They (FireClean) refused to respond to my questions about corrosion/rust prevention long before any of this hit the fan. The tests that equated their product to cooking oils also made specific comments on the ineffectiveness of these types of oils against corrosion/rust prevention. I really liked the oil for firearm lubrication, but those two facts combined were all the validation I needed…

  3. Joglee says:

    Sue everyone!!!!!!!!!

  4. iceman says:

    Beautiful thing about the internet, you can say whatever you want. However, sometimes what you say may land you in court.

    • Tehisguy says:

      You can say things. He could of said things that where of personal opinion but he (pun intended) put fireclean on blast and damaged their reputation. Either right or wrong, didnt do it with any grace. He full on started a war regarding this unimportant product.

    • txJM says:

      That doesn’t sound like a people protected under the First Amendment to the Constitution of the United States of America…

  5. Bobby says:

    I bet Fireclean’s patent is about to expire so everyone will know what it is anyway so why not sue those whom messed you up in court and be forced to reveal the composition there?

    • Jambo says:

      My understanding is that patents were supposed to reveal what an invention was and then protect the inventor by giving them a time-limited monopoly as a trade-off for the public knowing something new. If something is somehow both patented and secret, that sounds like the patent system is very broken.

    • Maskirovka says:

      http://www.scribd.com/doc/280815166/FireCLEAN-Oil-Patent

      I’m not a patent expert, but it looks like they applied to patent any product use of plant based oils to either lubricate or clean firearms… including any product with 25% or greater plant oil content and with a smoke point of 200 degrees F or higher.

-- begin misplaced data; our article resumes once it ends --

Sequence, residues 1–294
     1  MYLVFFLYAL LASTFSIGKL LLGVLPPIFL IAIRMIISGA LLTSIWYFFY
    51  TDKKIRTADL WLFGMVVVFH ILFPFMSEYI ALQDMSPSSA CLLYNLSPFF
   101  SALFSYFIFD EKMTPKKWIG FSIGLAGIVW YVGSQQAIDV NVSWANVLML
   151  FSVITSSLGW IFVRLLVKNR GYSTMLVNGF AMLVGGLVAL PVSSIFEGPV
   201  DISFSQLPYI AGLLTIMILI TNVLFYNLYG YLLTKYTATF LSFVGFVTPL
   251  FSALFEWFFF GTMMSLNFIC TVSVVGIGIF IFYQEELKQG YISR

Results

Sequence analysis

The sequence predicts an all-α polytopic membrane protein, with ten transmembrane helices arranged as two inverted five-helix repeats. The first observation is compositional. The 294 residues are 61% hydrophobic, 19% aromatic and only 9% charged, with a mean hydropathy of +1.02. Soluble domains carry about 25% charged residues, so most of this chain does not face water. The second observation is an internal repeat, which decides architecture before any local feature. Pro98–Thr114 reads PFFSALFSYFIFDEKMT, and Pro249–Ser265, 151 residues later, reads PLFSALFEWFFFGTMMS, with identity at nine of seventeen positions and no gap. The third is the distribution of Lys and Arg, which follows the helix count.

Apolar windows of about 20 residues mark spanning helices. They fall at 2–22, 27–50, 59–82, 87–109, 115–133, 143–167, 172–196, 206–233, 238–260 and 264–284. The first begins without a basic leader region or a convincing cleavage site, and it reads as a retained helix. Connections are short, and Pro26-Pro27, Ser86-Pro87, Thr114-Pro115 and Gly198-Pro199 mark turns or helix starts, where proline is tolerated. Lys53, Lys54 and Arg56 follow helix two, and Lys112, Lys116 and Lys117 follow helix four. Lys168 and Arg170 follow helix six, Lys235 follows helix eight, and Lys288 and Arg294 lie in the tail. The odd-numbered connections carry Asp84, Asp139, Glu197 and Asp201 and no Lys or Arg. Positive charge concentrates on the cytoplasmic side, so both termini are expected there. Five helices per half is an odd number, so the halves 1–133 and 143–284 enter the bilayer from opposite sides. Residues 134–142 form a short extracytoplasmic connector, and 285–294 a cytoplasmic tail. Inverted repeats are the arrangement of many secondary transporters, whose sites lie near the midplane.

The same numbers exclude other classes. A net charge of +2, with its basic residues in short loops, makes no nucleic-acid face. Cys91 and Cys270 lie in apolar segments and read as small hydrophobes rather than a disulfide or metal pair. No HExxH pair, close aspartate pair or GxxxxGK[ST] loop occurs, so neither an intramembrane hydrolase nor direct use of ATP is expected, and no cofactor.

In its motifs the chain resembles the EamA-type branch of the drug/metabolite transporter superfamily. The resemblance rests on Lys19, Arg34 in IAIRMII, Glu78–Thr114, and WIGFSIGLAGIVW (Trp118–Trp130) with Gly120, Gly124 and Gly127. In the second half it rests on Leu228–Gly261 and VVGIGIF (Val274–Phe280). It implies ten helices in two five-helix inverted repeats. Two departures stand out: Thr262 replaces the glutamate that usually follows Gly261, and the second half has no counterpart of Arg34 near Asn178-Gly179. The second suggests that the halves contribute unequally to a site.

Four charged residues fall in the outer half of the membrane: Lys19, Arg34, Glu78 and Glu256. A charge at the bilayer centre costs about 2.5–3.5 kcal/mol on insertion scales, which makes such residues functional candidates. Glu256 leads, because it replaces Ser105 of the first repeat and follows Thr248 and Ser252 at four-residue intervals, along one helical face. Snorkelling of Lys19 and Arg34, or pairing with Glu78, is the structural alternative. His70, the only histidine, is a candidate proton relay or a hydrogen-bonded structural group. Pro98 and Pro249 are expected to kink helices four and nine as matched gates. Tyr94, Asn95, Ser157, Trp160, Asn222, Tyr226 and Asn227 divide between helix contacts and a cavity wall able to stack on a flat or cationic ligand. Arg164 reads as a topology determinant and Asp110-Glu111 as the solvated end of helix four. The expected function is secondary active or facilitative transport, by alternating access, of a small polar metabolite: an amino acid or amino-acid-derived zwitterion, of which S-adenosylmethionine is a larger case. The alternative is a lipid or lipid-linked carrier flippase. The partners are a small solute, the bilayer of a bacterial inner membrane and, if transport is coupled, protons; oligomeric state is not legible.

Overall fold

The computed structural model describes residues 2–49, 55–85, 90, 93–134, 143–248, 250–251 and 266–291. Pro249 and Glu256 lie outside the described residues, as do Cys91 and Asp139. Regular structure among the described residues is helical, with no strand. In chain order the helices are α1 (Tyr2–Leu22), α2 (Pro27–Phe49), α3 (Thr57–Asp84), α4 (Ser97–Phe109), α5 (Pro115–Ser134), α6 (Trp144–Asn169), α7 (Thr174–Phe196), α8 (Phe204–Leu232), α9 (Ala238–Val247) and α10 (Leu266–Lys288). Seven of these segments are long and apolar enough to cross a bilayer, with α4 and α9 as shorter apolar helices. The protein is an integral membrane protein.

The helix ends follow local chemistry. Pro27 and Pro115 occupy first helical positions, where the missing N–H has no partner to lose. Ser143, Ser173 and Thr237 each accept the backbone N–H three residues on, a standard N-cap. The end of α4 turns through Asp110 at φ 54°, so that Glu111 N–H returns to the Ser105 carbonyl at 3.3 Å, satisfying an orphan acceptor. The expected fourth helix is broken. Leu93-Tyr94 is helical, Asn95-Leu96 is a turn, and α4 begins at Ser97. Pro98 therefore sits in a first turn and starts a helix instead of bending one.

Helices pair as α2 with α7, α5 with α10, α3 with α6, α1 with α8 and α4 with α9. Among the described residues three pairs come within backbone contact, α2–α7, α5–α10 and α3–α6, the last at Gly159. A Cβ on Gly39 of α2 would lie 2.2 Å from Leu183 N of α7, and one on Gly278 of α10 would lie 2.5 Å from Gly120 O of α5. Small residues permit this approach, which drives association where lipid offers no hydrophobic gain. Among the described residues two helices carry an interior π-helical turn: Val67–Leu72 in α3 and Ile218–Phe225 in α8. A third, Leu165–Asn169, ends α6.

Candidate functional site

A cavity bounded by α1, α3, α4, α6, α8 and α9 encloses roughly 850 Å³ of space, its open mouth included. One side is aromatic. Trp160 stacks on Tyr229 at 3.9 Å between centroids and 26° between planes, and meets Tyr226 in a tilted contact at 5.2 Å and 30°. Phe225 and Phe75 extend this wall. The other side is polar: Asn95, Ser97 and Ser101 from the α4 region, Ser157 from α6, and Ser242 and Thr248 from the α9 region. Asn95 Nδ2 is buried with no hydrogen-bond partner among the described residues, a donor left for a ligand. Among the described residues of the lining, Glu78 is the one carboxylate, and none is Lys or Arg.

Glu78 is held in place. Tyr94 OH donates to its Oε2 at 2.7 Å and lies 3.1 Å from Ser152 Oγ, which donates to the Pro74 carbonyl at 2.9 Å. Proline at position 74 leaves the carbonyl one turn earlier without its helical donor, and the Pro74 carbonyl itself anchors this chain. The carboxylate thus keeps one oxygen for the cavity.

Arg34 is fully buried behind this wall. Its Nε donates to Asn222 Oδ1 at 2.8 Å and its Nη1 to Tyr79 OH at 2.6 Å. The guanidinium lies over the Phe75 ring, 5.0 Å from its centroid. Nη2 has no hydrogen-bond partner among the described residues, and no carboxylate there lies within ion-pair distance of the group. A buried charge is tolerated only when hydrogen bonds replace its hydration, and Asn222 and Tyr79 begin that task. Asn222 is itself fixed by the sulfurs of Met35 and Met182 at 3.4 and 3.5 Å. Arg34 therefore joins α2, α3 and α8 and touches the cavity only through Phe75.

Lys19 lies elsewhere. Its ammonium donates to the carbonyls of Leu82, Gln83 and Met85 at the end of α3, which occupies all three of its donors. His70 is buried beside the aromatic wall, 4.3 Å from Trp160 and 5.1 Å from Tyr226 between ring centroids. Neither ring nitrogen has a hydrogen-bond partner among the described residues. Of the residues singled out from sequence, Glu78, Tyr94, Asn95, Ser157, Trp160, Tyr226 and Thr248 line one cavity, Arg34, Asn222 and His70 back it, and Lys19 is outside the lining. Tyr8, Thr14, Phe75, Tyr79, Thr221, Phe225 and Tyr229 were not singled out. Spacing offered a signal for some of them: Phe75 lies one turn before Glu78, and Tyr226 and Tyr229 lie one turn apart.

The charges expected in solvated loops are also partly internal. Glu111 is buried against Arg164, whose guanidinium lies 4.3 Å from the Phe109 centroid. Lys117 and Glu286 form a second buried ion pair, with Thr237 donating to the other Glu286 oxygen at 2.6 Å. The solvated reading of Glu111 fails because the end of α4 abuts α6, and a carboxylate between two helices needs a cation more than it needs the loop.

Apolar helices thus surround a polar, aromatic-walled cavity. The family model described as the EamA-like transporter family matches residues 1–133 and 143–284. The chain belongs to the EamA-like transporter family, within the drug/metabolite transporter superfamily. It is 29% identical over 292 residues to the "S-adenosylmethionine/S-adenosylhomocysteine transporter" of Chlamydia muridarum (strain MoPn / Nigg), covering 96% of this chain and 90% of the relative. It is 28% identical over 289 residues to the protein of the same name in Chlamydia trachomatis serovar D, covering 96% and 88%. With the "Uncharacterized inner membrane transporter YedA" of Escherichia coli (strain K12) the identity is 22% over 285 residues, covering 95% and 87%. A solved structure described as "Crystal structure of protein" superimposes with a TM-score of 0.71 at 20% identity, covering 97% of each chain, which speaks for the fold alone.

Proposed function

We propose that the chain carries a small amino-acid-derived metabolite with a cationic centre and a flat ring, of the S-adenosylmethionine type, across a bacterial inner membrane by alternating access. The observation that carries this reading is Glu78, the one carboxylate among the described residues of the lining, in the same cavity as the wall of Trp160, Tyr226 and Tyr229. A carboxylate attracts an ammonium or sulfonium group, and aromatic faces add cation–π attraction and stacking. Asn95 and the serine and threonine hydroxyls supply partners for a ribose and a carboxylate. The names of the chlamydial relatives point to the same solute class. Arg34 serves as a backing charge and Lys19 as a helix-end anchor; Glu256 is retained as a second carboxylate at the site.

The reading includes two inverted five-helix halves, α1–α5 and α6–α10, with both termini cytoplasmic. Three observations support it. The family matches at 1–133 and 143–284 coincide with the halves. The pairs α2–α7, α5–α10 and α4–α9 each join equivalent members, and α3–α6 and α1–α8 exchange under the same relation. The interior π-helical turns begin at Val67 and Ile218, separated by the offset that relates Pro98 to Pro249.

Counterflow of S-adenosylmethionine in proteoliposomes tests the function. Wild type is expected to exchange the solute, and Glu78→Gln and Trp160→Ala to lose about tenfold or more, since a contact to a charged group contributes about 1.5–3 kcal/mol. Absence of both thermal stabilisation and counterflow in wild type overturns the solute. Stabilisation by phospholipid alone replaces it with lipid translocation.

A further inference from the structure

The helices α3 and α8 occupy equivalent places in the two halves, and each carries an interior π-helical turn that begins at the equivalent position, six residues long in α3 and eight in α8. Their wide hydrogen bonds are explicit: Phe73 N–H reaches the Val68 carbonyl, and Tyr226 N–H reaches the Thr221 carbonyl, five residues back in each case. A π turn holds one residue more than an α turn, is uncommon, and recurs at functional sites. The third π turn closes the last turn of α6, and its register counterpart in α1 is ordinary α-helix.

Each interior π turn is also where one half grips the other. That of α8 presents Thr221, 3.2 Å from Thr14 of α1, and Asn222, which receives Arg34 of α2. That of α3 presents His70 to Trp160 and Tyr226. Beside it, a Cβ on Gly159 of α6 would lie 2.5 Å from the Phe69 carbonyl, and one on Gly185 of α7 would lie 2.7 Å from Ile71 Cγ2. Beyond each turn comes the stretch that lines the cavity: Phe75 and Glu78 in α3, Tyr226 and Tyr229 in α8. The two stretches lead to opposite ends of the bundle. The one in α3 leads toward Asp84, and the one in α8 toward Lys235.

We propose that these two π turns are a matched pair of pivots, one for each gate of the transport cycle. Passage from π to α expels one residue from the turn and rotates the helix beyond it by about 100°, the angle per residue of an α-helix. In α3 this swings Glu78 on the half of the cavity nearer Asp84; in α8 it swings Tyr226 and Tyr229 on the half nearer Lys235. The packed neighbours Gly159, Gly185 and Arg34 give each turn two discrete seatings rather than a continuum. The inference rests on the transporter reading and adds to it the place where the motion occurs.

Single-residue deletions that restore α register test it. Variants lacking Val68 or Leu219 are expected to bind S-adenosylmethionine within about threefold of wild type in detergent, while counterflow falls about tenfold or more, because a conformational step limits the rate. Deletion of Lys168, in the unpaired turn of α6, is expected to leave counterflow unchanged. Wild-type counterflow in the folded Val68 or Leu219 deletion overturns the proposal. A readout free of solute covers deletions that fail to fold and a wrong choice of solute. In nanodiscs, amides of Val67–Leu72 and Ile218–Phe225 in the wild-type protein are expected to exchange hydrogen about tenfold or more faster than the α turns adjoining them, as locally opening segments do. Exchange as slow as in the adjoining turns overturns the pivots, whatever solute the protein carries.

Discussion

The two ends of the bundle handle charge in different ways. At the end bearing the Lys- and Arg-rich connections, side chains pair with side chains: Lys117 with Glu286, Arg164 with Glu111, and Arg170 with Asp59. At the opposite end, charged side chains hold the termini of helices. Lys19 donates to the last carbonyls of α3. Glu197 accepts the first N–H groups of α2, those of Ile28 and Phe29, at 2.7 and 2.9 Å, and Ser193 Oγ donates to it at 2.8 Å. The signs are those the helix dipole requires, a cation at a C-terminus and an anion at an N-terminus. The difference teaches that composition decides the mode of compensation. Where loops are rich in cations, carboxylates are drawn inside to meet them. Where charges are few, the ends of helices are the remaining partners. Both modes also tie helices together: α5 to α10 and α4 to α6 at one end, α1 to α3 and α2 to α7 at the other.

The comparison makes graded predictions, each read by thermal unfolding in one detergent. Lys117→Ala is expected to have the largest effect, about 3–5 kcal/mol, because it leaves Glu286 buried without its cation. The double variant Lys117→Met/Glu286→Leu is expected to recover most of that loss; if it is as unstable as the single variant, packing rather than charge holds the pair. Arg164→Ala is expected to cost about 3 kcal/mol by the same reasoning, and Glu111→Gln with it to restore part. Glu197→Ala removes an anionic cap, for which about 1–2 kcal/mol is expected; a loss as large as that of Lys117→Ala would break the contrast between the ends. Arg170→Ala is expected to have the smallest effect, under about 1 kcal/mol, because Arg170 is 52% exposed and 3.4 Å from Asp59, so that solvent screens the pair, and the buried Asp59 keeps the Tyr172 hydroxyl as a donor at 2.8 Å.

• Sampson says:

      Looking at PAIR, the application hasn’t yet received an examination.

      • Bill says:

        If the patent application I saw was from Fireclean it was so broad in scope it will be rejected. It was months ago when I read it and I don’t feel like looking for it.

        And yes a patent has to clearly disclose what the product is in order to protect intellectual property, not only of Fireclean but anyone else who puts out like products.

        http://www.inventionresource.com/index.php?option=com_content&view=article&id=37

        Of note Froglube hasn’t jumped on the sue anyone band wagon.

        • Actually says:

          Whether their product is patented or not is not germane to the case.

          • Bill says:

            No, but as I keep saying you cannot tell a judge what something IS NOT without clearly explaining what something IS. Translation: Fireclean will have to divulge what exactly their formula is.

            Touhy never said it was Crisco.

            He said according to the tests it appears similar to rapeseed or canola oil.

            Fireclean has repeatedly said it is a blend of vegetable oils.